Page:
At the other end, Christian Eriksen brought down a long ball beautifully before his shot was pushed wide, but it was a lonely start for Rasmus Højlund. After 15 minutes, Eriksen’s Manchester United teammate had applied more pressures than any other player in the match (20), though was yet to have a single touch of the ball.

As lightning was spotted in the sky, the storm on the pitch had subsided for Denmark, who had come through Germany’s fast start unscathed.

Such was the closeness of the lightning to the stadium, referee Michael Oliver took the players off the field while the storm moved away. After a delay of around 20 minutes, the game resumed in calmer conditions.

Germany were far from calm, though, once again attacking Denmark quickly and going close again as Havertz saw a header pushed away by Schmeichel, before Schlotterbeck found the side-netting with another headed effort.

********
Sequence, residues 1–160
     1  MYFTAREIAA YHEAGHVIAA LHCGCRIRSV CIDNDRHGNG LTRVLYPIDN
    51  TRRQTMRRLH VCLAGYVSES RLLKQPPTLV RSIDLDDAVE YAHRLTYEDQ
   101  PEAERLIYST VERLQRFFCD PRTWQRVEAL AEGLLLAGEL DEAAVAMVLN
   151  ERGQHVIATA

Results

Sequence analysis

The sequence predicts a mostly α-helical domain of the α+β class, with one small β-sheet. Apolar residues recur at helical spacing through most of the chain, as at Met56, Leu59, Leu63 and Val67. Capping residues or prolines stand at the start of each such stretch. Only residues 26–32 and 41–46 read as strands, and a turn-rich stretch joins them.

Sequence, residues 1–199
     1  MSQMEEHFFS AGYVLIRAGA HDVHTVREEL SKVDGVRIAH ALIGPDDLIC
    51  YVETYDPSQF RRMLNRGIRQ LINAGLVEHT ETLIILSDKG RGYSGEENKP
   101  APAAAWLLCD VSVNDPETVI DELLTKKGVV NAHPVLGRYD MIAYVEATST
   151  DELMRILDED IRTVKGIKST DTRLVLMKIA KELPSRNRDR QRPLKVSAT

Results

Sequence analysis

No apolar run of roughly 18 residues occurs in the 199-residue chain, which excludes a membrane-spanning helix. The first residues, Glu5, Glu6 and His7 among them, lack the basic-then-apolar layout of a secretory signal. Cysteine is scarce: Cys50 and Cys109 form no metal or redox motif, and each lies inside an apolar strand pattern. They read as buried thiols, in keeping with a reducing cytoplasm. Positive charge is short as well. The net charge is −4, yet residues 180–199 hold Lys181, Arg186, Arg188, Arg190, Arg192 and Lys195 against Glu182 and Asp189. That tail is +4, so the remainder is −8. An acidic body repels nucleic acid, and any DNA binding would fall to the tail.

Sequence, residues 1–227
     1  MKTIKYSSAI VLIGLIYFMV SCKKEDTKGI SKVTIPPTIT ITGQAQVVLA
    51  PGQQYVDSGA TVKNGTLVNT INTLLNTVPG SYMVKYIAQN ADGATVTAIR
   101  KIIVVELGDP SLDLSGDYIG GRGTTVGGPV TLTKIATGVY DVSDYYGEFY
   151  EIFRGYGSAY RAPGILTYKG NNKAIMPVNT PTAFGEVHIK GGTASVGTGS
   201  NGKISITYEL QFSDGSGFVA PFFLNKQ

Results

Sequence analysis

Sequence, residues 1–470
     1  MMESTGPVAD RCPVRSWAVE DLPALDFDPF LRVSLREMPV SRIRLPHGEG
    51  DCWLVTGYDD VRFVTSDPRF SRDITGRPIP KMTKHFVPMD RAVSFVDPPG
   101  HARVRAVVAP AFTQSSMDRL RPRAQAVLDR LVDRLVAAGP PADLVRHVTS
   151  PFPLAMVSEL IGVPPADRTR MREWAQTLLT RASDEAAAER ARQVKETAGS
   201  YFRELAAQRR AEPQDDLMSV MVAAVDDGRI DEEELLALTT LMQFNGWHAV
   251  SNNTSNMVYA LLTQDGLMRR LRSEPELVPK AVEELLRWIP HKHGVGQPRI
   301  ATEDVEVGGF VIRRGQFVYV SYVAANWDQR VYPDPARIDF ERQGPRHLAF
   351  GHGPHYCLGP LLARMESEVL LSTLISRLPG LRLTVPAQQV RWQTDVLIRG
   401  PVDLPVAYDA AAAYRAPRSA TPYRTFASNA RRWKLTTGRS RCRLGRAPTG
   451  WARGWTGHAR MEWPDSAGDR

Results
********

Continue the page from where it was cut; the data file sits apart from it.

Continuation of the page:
After a quiet half, though, it was Højlund who could and probably should have struck first. After picking Schlotterbeck’s pocket in the Germany box and hitting the side-netting with his shot, he ran onto a pass from Thomas Delaney as Denmark countered, but Manuel Neuer rushed out to deny him a simple finish.

There seemed to be a threat that the second half would be delayed, but after a bit of conversation, Oliver was permitted to blow his whistle. This time, it was Denmark who started quickly, and they had the ball in the net in the 48th minute.

Naturally, there was another delay as the VAR looked at Joachim Andersen’s strike, and there was an almighty cheer from the home fans when it was ruled out for a narrow offside against Delaney in the build-up.

Just seconds later, Andersen’s hand was the subject of a VAR check, with David Raum’s cross hitting the defender and leading to a penalty for Germany. Havertz stuttered up to his penalty and put his shot just inside Schmeichel’s left-hand post to break the deadlock.